For other cities interested in building a broad, inclusive program the lessons learned from Olympia can be applied whether just starting a program or building on an existing program:

1) Repeat rationale for conservation over and over in as many different venues as possible. Changing behavior is hard, especially behavior learned over a lifetime.
2) Target different programs to different audiences. One size fits all will not work with conservation programs. Tailor different programs for businesses versus residential consumers.
3) Partner with others in the community that share your vision.

Olympia Key Facts (5/2005)
Area Population: ~42,000
Altitude: ~ 0 ft/m
Low - High Temp: 32F/76F - 0C/24C
Avg. Rainfall: 50 in/127cm
Conservation Program Inception: 1997
Key Contacts:
Water Conservation Program
City of Olympia
PO Box 1967
Olympia, WA 98507-1967
360.753.8793
www.ci.olympia.wa.us/publicworks/waterresources/conservation
Key Programs:
Rainbarrel Rebate: No, subsidized sale
Rainwater Harvesting Rebate: Yes, pilot
basis
Low Flush Toilet Rebate: Commercial
only
Xeriscape Rebate: No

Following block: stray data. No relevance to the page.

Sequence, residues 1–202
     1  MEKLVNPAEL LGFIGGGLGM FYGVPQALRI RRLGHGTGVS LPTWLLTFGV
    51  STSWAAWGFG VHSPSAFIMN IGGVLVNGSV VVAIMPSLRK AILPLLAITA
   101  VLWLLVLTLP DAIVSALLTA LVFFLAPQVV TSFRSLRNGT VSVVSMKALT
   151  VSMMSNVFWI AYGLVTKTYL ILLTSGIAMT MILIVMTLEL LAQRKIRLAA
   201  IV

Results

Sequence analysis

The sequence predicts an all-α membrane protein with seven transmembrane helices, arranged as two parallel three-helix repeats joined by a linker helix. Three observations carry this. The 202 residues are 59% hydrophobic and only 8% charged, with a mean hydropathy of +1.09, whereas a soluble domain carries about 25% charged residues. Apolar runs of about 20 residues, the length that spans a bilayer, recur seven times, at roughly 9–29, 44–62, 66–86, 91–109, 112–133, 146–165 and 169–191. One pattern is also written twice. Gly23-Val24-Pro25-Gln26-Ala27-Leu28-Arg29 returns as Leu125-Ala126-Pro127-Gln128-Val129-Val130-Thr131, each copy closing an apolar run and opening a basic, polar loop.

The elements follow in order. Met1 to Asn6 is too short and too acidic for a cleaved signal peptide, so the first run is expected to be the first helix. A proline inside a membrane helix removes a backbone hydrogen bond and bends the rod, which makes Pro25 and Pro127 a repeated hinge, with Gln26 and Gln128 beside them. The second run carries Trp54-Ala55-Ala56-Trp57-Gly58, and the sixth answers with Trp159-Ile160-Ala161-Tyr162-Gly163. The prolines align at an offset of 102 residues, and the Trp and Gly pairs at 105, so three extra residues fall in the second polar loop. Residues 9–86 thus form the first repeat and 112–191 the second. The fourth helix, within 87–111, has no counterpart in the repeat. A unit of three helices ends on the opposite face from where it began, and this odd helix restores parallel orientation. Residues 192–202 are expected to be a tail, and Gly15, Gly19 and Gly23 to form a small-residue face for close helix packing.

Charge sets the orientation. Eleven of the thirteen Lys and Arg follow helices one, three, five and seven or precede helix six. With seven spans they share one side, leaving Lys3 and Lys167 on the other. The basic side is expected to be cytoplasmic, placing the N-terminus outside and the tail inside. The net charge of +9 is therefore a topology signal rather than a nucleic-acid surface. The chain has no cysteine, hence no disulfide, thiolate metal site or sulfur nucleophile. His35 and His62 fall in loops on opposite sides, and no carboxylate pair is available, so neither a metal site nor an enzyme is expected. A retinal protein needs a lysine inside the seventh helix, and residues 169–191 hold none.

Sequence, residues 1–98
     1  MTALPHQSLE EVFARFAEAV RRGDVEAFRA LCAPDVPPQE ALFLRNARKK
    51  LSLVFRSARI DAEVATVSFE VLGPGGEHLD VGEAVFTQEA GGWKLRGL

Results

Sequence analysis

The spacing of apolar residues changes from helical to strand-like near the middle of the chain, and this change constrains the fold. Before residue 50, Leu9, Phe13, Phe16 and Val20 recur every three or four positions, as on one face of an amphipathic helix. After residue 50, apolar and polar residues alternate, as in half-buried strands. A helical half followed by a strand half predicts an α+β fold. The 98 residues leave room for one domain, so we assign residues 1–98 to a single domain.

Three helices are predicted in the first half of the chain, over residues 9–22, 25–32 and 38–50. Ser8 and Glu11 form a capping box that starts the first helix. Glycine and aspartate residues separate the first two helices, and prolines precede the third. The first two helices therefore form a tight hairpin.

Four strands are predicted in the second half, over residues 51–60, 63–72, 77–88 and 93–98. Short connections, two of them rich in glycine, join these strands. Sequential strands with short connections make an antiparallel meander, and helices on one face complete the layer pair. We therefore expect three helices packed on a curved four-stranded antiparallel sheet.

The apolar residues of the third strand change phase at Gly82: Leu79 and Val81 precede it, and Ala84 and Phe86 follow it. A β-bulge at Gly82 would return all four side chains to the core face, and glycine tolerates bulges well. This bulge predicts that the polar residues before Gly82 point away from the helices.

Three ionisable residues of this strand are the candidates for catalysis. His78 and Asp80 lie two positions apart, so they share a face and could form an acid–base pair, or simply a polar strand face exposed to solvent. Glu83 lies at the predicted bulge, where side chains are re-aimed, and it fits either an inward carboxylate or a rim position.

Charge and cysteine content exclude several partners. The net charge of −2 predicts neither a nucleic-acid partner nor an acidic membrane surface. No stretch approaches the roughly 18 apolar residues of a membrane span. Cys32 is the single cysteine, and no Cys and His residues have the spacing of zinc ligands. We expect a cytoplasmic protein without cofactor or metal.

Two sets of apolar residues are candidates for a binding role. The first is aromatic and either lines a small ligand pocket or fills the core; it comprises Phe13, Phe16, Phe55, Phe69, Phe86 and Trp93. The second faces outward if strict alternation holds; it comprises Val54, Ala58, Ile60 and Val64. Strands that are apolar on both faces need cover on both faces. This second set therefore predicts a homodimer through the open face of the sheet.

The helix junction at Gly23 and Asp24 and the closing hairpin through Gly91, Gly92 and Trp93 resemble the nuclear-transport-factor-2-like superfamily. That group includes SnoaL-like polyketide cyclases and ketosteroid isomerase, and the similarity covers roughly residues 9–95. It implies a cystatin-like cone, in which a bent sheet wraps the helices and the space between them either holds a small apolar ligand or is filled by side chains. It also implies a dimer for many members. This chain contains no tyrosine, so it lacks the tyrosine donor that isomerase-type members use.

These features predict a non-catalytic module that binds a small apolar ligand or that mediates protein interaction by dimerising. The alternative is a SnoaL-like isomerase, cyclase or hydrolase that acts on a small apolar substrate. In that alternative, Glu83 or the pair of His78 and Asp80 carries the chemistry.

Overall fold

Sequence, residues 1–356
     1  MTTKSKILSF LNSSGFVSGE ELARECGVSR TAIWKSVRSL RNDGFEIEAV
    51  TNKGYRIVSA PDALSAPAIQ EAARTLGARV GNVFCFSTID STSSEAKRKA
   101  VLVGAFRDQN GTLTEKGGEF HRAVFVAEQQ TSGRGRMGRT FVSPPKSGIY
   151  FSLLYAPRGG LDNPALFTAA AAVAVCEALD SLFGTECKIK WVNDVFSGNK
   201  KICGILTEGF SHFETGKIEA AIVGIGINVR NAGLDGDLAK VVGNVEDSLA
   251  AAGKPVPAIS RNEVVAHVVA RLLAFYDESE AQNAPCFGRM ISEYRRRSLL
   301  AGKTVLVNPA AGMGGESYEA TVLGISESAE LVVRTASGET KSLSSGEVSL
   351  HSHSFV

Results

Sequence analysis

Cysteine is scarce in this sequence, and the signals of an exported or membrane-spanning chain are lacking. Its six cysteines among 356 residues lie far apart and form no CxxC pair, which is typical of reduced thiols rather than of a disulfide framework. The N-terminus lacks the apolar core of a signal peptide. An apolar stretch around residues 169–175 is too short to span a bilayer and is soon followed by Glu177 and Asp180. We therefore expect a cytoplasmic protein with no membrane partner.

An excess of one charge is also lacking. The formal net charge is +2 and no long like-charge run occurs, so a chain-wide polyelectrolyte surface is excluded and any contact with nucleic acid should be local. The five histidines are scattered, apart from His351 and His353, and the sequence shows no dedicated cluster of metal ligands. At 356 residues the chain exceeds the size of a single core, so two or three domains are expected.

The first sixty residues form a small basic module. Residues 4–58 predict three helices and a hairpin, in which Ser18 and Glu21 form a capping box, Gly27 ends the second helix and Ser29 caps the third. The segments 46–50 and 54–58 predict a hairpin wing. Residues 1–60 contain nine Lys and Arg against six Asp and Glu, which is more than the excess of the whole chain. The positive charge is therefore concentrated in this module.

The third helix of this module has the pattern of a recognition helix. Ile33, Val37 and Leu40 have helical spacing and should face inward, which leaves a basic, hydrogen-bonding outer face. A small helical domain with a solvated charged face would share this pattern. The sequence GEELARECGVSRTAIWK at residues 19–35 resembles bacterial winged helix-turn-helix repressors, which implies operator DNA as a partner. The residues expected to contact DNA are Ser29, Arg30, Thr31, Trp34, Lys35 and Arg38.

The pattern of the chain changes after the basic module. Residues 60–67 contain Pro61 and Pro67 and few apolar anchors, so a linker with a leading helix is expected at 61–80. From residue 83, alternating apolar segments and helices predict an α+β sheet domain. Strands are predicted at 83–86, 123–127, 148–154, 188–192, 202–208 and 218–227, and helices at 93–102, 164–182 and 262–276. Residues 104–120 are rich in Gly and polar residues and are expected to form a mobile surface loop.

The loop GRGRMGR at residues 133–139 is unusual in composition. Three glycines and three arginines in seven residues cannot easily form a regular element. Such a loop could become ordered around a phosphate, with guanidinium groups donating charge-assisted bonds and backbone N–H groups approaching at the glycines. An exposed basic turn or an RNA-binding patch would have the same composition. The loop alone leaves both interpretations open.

Low Flow Washing Machine Rebate: Yes
Low Flow Dish Washer Rebate: Yes
Watering Restrictions: Yes
Education Program: Yes
Commercial Programs: Yes
Fines: Yes
Sales Tax Exemption: No
Property Tax Exemption: No


Advanced Search
SITE NEWSLETTER
Sign up for updates:

SITE SPONSORS

RMS

GENERAL WATER NEWS

January 2013

Establishing Corporate Water Sustainability

The Water Footprint of Energy Independence

WEF Executive Director Briefs US Conference of Mayors Water Council on Water for Jobs Campaign

Balancing the Water-Energy Nexus

Attacking Apathy and Reducing Demand

New water lows for Great Lakes could drain local economies

As Texas Bakes in a Long Drought, Water Becomes a Focus for Legislators

The Policy of “Pumping the Recharge”
Is Out of Control

The Intelligent Use of Water™ Infographic

Attacking Apathy and Reducing Demand

December 2012

Mississippi River shutdown because of water levels

Pesticides: Now More Than Ever

Pesticides in Tap Water Linked to Food Allergies

November 2012